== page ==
Kitty It’s Cold Outside

It is part of our duty as colony caretakers for our friendly ferals to make sure they have a warm bed during those long, cold winter months. On Saturday, December 21st for our first ever Shelter Building Party a group of volunteers gathered with donated pizza and snacks to get to work! 

With donations from Home Depot Stores around the Greater Boston Area, items from volunteers, and the Melrose Recycling Center, Charles River Alleycats was able to collect an estimated $200 dollars worth of supplies. In just two hours the group had created five shelters for our colonies that were distributed before the end of the year. 

We still have some supplies to make more shelters, so if any caretakers need one for your colony please contact us.

By, Jessica Lachey, Volunteer Reporter
December 2013

Lobstah's Lucky Break

Judy, the Barn and Herd Manager at The Bridge Center is no stranger to feral cats. The center has four. Milo, Buddy, JuJuBee and Toby. Sometimes it takes a village to find a secure home for a feral cat,and even then there are no guarantees things will work out. Lobstah is such a cat. 

All we know is that he was living at a bird sanctuary on the Cape. But since Birds and cats don’t mix well he was trapped and brought to the MSPCA. The magic happened when MSPCA contacted CRA for Lobstah’s alternatives. L
etting him loose would be a death sentence but feral cats are not adoptable from any shelter. 

Laura, Director of Operations, was contacted by MSPCA. Lucky Lobstah got a break when Stephanie, a CRA volunteer, found a solution. She knew of a horse farm that had a few ferals in their barns. She told Laura about Judy Johnson and The Bridge Center, an organization that provides children, teens and adults with special needs the opportunities to build social, emotional, & physical skills so they may participate fully in their communities.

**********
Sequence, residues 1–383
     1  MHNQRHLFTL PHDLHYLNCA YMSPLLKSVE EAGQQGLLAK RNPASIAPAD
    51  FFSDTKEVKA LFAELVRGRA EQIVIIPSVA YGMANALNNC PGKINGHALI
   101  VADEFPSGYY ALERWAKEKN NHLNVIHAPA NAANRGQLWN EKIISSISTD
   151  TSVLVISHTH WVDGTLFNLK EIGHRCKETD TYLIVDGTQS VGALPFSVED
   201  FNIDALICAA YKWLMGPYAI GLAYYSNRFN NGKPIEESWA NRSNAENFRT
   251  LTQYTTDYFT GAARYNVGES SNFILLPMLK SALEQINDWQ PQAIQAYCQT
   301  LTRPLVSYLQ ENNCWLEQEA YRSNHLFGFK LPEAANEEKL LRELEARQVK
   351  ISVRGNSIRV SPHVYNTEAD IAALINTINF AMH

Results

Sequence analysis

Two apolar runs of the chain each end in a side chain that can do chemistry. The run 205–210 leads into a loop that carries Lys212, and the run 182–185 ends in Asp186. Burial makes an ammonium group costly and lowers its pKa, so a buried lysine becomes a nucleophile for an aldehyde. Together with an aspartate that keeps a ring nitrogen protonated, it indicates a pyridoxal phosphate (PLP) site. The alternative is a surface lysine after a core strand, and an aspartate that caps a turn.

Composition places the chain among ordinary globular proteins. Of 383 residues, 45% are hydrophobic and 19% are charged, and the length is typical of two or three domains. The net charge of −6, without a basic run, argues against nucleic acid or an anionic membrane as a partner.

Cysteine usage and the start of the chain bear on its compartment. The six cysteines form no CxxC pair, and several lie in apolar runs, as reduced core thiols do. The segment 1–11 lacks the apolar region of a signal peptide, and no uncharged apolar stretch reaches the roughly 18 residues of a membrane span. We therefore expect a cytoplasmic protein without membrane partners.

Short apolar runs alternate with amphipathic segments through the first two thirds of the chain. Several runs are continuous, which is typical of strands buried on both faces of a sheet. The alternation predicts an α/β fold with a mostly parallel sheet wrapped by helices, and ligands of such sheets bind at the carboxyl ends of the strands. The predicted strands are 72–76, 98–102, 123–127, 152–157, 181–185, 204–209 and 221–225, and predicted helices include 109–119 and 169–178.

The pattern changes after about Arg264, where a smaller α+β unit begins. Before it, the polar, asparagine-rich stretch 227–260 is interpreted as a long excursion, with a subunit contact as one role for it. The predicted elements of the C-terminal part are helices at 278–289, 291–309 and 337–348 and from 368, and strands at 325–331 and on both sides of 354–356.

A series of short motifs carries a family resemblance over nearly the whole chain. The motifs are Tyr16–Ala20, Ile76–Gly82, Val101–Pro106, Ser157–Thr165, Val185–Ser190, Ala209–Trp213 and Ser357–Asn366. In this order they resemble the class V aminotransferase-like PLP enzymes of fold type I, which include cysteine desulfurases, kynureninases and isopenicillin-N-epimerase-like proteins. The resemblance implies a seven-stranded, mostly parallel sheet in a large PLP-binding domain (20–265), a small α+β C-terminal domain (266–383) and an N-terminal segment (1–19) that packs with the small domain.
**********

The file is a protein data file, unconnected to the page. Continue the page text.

They took in Lobstah and he was kept separated for about five weeks so he could transition to his new home. Without the five week transition period he would probably just run off and get lost. 

“When we released Lobstah, it was a quiet Sunday with no one in the barn but me and a working student. He spent the entire day with us - hanging around his open cage and the breezeway area,” Judy said.

The next morning, they didn’t see him and walked around the 20 acres of trails and woods hoping to catch a glimpse o
f him. The staff was very sad when they still didn’t see him for the next few weeks. It was about a month later when he was spotted on top of a hill and looked like the final scene of a movie.

“I still recall the moment I heard that Lobstah had been sighted,”Judy said happily.

“A volunteer came in to say she saw a cat and they didn’t think it was Milo. The staff was all on high alert. Then a few days later, I heard the little squeak of a meow – and spotted him atop the hay pile watching me.” JuJuBee was talking and wandering about too so Judy grabbed a can of mackerel and dished it out. 

Lobstah has stuck around since and has even ventured into the barn more. He chases dragonflies now and still loves to pounce on moving hay strings. “I can get as close of two feet to him now but that is it. I usually just sit quietly while he eats and I talk to him.” 

Carin O'Connor, Volunteer Reporter
April 2014